While the US, UK and Australia have always been close allies, the AUKUS partnership is a technology accelerator between the governments of the three nations with a timescale and accompanying gateway of technology transfers, not seen before.

This gateway of technology transfer is not just from the military, but as previously mentioned, technology firms with high Technical Readiness Level (TRL) capabilities that have been working in industries such as oil and gas can benchmark their decades of working with autonomous vessels for defence.

With the backing of 50 years of experience in energy, ocean science and defence, Forcys Australia are introducing game changing technology through its expertise in the underwater domain with highly sophisticated, TRL9, – agnostic payloads for platforms. Through our technology partners, Forcys specialise in autonomous vessel payloads, acoustic underwater communications, sonars and camera capabilities, providing the benchmark for future AUVs and remotely operated asymmetrical capabilities.

In addition to the above, Forcys expertise in intruder detection sonars, command and control software and remotely operated towed vehicles, environmental sensors and laser scanners already provides world leading capabilities deployed with many navies around the globe.

Industry proven technology can help to rapidly accelerate Pillar 2 delivery

Forcys Australia are already supplying sensors to the RAN, Defence Science Technology Group (DSTG) and key industry stakeholders, we’re especially excited about the opportunities for Forcys with AUKUS Pillar 2 undersea warfare. Our capabilities are not just limited to asymmetric warfare; they can be utilised for underwater ranges, long range acoustic communications, MCM, along with tracking and protection of critical national infrastructure.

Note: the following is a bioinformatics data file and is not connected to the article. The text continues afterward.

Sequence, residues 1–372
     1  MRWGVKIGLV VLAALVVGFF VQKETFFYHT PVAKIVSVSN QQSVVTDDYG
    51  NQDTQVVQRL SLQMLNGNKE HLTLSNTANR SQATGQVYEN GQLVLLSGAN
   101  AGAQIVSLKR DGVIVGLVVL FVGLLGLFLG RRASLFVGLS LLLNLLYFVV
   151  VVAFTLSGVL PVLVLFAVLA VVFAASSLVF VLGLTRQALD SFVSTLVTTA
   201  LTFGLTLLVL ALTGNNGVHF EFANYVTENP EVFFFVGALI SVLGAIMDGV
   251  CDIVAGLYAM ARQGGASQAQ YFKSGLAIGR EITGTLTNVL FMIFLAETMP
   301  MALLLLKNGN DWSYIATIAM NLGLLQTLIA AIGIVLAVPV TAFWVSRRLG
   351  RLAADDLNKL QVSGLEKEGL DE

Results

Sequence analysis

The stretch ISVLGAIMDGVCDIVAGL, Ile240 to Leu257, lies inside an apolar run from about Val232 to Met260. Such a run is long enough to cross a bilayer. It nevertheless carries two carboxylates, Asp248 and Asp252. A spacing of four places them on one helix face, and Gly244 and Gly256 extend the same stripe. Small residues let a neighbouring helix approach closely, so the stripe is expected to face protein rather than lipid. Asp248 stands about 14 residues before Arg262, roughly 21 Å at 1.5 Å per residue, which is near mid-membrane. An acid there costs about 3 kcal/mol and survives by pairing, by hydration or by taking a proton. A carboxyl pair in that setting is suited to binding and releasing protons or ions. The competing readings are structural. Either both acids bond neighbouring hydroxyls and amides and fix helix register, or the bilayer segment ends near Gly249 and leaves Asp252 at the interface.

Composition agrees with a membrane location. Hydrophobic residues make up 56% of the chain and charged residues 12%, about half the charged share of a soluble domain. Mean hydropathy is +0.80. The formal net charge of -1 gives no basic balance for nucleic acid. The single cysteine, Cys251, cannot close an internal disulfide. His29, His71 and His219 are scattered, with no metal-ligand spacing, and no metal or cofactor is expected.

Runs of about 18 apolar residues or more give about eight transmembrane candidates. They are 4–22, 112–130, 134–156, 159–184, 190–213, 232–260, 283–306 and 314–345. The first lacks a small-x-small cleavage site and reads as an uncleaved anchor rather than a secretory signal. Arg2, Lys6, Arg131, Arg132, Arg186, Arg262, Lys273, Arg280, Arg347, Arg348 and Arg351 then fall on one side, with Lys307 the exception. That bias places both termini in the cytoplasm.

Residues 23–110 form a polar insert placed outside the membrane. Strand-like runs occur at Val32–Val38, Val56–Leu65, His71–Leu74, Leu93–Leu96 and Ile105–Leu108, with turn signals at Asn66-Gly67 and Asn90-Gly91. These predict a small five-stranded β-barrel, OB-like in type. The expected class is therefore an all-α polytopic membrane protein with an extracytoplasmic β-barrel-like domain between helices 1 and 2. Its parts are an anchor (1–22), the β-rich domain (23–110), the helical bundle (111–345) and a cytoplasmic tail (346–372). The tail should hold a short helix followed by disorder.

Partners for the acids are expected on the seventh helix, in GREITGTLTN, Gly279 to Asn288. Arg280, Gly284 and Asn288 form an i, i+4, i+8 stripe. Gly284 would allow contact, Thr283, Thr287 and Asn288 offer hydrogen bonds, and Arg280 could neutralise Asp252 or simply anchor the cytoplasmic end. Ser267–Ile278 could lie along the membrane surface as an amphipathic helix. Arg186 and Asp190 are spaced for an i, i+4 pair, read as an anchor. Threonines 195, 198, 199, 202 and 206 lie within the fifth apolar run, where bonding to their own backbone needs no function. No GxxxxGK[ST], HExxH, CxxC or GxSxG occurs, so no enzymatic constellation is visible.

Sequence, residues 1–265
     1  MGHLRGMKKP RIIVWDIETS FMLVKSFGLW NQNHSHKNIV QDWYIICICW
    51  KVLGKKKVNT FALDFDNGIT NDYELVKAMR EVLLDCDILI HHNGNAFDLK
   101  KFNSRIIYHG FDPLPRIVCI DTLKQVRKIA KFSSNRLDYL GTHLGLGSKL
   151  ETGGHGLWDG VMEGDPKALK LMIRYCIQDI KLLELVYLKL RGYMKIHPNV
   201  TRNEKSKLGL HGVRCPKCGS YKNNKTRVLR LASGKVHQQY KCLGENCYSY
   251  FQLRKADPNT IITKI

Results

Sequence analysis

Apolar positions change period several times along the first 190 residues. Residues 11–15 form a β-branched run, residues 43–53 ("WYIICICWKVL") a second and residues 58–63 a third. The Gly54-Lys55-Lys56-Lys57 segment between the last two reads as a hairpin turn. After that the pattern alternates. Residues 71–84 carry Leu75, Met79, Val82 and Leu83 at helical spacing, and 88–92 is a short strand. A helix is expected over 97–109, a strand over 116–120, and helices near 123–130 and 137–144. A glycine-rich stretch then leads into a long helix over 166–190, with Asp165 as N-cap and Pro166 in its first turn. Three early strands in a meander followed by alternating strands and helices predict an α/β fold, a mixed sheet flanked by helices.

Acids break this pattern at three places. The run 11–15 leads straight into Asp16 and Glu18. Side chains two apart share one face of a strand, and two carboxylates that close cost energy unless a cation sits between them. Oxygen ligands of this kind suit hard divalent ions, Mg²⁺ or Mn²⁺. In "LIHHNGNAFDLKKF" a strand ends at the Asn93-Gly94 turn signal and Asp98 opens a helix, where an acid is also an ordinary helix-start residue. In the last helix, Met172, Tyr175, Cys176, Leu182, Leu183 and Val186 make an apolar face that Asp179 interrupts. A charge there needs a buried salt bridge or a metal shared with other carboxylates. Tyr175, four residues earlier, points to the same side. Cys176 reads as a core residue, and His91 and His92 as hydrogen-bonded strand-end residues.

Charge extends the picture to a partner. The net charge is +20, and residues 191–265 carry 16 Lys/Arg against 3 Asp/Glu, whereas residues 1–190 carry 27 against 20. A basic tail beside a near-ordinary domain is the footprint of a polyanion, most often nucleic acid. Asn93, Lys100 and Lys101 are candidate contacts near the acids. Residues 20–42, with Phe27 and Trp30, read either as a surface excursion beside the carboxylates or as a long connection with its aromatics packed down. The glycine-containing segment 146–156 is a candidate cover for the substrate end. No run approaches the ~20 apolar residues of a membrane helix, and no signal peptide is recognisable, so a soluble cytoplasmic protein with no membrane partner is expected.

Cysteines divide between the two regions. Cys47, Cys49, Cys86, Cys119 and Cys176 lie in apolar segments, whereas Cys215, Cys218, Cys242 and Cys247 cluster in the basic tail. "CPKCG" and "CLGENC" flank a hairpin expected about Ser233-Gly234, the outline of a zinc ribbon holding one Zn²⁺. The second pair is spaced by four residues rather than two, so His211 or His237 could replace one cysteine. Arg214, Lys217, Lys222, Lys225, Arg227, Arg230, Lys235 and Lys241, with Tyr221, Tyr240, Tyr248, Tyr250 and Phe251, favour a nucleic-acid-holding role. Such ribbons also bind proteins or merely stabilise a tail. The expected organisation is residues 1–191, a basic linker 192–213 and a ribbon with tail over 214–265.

If you’d like to hear more about our vision for the AUKUS partnership, contact us for more information.

Sean Leydon retired from the Royal Australian Navy in 2020. Trained as an engineer, Sean completed an MBA as well as Masters degrees in both Strategy and Management and Maritime Studies.

Forcys brings together leading technologies, offering a comprehensive naval and subsea capability to the Australian defence market.

The release of Australia’s Defence Strategic Review pivots national defence interests toward the Indo-Pacific and places increased interest in the underwater domain. It calls out for new autonomous underwater vehicles to support their mission by highlighting the AUKUS Pillar 2 collaboration and seeks to work in close partnership with industry. It serves as validation for the recent expansion by Forcys Australia: new offices and a new team to work with customers that are already developing innovative underwater autonomous systems.

Backed by over fifty years of experience, Forcys offers the global maritime naval sector remote, autonomous, and networked control capabilities delivering integrated situational awareness to customers in the underwater domain.

Covering a range of maritime operations including asset protection, littoral strike, mine warfare, submarine rescue, and submarine and anti-submarine warfare, Forcys seeks to transform the underwater domain by enabling increasingly distributed and automated operations. This is made possible by integrating and bringing to market world-changing solutions from leading technology partners Chelsea Technologies, EIVA, Sonardyne, Voyis, and Wavefront Systems.

‘This feels great,’ said Sean Leydon, Regional Manager Asia Pacific at Forcys. ‘Although we are taking a relatively small initial step, this is a major milestone for our operations in Australia. And we are setting up in the right location. We are so grateful to the NSW government who supported us in our search. We also want to thank the University of Technology Sydney for their welcome. Innovation is fuelled by partnerships and the UTS Tech Lab enables us to work closer both with our customers and with academia. The lab is turning into a world-class research and development facility. I want our new Australian team to play a part in that.’

‘We are delighted to welcome Forcys Australia as an Industry Partner to the UTS Tech Lab,” said Professor Robert Fitch, (acting) Director UTS Tech Lab. “It’s a clear example of how we are supporting industry partners with the growth and retention of talent. Working alongside innovators in the underwater domain is also a great opportunity for the university to target our research where it is needed such us the AUKUS Pillar 2 Undersea Robotics Autonomous Systems (AURAS) project.”

If you are visiting Sydney please get in touch with our team.

The Watch interviewed CMDR Sean Leydon (retired), Regional Manager at Forcys Australia, on the subject of the latest ADF Defence Strategy Review (DSR). The DSR sets out the Australian Government’s strategic direction for defence over the next decade.